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In the event the application is not opposed, an applicant should be able to obtain the requisite order within two months, and the cost of doing so should be reasonably modest. However, in the event the application is opposed, and full papers are filed, it could take up to a year before the matter is argued and a judgment given, much depending on the particular division of the High Court in which the application must be brought. In those circumstances, parties can expect to pay the same costs as for a short trial action. In deciding the matter, the court will be guided by the principles reaffirmed by the Supreme Court of Appeal in the Telecordia Technologies case.

12 What are the likely costs of the arbitration?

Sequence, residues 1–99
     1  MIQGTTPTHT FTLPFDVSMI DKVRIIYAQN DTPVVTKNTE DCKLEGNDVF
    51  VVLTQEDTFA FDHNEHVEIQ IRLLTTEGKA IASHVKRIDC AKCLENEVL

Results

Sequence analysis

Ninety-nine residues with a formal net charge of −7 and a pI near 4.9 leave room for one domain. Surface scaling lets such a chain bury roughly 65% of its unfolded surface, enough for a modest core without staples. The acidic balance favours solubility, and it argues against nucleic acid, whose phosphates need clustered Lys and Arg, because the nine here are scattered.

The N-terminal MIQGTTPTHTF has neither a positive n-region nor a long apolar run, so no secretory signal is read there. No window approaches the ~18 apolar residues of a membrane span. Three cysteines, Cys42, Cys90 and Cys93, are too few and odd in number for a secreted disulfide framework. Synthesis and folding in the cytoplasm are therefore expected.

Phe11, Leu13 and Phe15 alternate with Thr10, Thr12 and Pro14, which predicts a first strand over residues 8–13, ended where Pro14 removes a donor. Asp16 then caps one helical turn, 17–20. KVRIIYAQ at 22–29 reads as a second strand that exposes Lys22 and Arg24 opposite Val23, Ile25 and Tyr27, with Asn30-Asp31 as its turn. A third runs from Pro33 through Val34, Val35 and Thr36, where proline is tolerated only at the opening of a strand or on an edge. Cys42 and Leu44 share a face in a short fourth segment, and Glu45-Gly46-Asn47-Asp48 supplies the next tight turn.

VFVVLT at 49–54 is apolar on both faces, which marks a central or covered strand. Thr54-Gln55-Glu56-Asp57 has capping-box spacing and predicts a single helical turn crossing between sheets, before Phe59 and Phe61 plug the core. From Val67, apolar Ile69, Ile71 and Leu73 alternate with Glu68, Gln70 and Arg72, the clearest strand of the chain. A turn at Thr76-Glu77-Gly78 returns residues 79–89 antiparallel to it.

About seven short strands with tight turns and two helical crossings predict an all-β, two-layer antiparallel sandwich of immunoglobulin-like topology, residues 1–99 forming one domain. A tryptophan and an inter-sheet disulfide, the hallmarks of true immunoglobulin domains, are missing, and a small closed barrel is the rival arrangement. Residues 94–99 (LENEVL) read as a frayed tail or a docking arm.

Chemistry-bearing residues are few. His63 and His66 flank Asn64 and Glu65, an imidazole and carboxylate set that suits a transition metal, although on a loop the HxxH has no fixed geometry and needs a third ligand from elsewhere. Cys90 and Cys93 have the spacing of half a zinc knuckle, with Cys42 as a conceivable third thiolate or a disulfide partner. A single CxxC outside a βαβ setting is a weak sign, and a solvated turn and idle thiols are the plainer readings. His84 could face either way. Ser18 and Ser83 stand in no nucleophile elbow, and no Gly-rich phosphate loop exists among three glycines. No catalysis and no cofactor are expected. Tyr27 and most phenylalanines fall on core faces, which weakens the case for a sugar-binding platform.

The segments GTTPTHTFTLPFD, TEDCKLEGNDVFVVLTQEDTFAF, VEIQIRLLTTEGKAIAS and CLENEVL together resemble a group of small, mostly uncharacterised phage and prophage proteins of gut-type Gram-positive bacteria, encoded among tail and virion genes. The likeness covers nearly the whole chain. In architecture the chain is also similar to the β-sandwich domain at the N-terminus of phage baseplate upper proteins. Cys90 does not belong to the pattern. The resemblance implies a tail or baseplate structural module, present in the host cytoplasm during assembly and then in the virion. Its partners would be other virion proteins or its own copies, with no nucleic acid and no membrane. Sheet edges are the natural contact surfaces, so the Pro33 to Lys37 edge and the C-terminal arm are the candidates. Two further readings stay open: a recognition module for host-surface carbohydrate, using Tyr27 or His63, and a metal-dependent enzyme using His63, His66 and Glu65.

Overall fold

The tribunal is vested with a wide discretion regarding the award of costs. Usually, costs are awarded to the party that is substantially successful. A favourable costs award does not result in full indemnity. While practitioners will charge their clients according to agreed rates (attorney-own client costs), recoverable costs are determined by way of a tariff (based on the Supreme Court Act) and are assessed by the Taxing Master of the High Court having jurisdiction over the seat of the arbitration (party-and-party costs). As a rule of thumb, successful parties can expect to recover approximately 50 per cent of their actual costs of arbitration. Recoverable costs would include tribunal fees and expenses, expert and witness fees and expenses (provided these are qualified as part of the award) and the costs of counsel employed. Where more than one advocate is engaged, the successful party will be able to recover the costs of two or more counsel only where the tribunal expressly orders this.